Of ‘Man of Steel’, genetic engineering and body births in science fiction.

First of all, let me say this; I really liked the latest film of Superman’s exploits, ‘Man of Steel‘. Some bits were rather strange and, as is common with Zack Snyder, the fight scenes really went on for far too long, but I walked out feeling happy and satisfied for having seen it.

However, I also walked out with some complaints that I proceeded to discuss with my (male) friends. I’ll get into the others at some point down the line, but for now I’ll stick with my first one:

‘How was Lara able to a) conceive, carry and give birth naturally, given that she’s the result of thousands of years worth of selective and genetically engineered breeding via mechanical means and b) manage to do all of that without anyone noticing?

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My (male) friends were naturally somewhat surprised that this was what I was most curious about, so I hastened to explain: I believed that, since organic reproduction was a barbaric thing of the past, and a relatively distant past at that, Kryptonians would have been genetically engineered to no longer possess the ability to procreate naturally. After all, it’s made pretty clear that reproducing naturally is kind of against the law by now in any case. So sure, they’d have the hormones in order to ensure physical development up to a certain point, and be able to have sex and love it, but neither male sperm nor female eggs would be viable.

“In fact,” I said as I hopped up onto a small wall and walked along it, “Kryptonian females would no longer have fertility cycles or a uterus at all, or whatever their equivalent is, since if natural child bearing was fully obsolete and, as we saw, even illegal, I know most human women would delight in not having to put up with menstruation without resorting to pills or operations.”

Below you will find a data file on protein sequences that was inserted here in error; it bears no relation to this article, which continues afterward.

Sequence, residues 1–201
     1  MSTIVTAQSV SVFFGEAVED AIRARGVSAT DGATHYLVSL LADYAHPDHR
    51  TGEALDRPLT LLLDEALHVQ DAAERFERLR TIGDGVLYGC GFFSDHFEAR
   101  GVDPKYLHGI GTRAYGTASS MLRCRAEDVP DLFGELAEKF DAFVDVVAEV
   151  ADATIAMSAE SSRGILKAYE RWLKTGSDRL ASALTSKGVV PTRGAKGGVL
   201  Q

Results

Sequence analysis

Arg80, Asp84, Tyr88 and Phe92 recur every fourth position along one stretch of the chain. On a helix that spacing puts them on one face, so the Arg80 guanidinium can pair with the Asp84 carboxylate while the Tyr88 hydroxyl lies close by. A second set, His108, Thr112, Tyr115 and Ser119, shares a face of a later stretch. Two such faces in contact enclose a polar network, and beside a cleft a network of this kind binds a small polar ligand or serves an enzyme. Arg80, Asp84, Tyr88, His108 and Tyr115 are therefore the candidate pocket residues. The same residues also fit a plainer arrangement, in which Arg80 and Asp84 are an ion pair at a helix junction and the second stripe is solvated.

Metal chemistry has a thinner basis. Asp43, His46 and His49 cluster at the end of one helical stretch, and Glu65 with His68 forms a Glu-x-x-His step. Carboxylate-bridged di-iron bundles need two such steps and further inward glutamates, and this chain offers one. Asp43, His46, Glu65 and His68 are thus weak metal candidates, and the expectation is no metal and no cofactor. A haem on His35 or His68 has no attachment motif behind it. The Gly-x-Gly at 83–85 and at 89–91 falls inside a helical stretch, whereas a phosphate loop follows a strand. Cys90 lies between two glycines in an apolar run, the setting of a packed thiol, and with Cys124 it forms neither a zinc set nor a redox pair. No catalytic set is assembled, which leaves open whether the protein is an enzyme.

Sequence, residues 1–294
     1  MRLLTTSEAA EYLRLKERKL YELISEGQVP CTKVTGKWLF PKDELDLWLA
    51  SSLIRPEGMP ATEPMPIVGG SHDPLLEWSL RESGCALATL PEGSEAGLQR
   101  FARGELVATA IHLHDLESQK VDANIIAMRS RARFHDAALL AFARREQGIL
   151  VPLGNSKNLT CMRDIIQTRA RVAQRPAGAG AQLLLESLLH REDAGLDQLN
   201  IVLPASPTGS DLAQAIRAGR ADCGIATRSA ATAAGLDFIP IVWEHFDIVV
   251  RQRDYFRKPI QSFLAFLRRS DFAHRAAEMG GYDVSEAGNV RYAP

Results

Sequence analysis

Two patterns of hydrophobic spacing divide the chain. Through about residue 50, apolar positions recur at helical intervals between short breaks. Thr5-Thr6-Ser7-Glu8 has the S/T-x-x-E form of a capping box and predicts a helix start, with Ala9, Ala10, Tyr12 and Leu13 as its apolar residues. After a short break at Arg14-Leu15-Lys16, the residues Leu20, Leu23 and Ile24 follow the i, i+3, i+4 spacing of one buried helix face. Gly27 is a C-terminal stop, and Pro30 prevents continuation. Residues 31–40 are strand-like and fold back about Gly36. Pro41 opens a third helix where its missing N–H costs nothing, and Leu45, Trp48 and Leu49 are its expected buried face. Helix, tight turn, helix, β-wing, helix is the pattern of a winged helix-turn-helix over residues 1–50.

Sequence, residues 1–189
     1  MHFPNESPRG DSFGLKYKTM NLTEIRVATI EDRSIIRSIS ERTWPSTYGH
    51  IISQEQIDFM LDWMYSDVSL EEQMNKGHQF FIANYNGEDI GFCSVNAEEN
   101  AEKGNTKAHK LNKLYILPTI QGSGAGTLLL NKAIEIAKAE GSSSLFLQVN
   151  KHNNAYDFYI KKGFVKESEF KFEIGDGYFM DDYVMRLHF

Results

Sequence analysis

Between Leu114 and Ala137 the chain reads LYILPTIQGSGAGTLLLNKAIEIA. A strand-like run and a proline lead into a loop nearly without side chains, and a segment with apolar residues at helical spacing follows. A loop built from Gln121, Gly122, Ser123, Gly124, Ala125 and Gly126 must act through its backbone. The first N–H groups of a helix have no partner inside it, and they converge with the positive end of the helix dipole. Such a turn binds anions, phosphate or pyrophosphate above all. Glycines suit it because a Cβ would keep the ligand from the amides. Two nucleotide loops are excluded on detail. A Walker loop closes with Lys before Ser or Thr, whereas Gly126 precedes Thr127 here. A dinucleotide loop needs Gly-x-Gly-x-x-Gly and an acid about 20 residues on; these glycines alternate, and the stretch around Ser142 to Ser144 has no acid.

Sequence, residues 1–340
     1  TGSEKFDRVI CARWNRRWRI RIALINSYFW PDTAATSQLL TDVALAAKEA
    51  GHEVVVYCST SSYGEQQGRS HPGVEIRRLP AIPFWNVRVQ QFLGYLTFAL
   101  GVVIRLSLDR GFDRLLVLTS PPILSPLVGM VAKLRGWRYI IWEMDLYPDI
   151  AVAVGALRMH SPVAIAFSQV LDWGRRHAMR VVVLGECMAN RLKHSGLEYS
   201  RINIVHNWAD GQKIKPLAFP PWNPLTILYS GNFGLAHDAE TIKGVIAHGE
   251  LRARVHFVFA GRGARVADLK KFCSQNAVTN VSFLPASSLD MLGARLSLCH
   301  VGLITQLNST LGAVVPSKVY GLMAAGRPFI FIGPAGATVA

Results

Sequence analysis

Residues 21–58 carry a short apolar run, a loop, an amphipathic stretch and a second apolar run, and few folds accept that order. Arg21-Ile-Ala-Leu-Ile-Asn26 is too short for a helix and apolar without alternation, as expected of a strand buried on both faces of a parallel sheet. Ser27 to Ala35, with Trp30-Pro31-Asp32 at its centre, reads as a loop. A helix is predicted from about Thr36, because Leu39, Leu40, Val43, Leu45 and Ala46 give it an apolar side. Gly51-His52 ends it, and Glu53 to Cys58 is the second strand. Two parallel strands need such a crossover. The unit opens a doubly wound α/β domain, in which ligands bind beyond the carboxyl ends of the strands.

(This is, of course, a generalisation, not to mention rather more elaborate than what I really said at the time – but I’ve always rather resented the fact that my body punishes me roughly every month for not getting pregnant by redecorating via excessive cramps and a lot of blood. There, I said it.)

Anywho, getting back to the matter in hand; how could Lara, who is quite likely genetically altered to be sterile, get pregnant from Jor-El, who is quite likely also genetically altered to be sterile?

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“Well, they are scientists,” one friend put in. “They probably did something sciency. Maybe they grew a womb for her or something.”

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…Touche. Although why she had to give birth in that huge gown – other than for censorship reasons – I have no clue.

But this, in turn, led me to ponder about the fact that one of the reasons Kal-El is such a special child, and destined to redeem Krypton and all that, is because he is born naturally without any genetic enhancements. Which is fair enough in the context of the story…sort of – we do see how generally corrupt and disintegrating Kryptonian society has become – but I find it curious how often science fiction portrays children being born outside the mother’s body, and with some changes made, as dystopian.

Because bottle born, specifically designed children do show up in a lot of dystopian settings. Brave New World was the trendsetter, although with various curious applications of alcohol to the embryos in place of genetic engineering.

The Matrix is set in a time where robots have taken over- yes, again – and most humans are slaves without even knowing it, grown rather than born in fetus fields before being taken to be connected into the titular Matrix. In the original Star Trek, Earth had suffered in the past from the Eugenics Wars, where genetically enhanced war lords – including a certain “KHAAAAAAAAAAAAAAAN!!!” – ruled over the unmodified populace.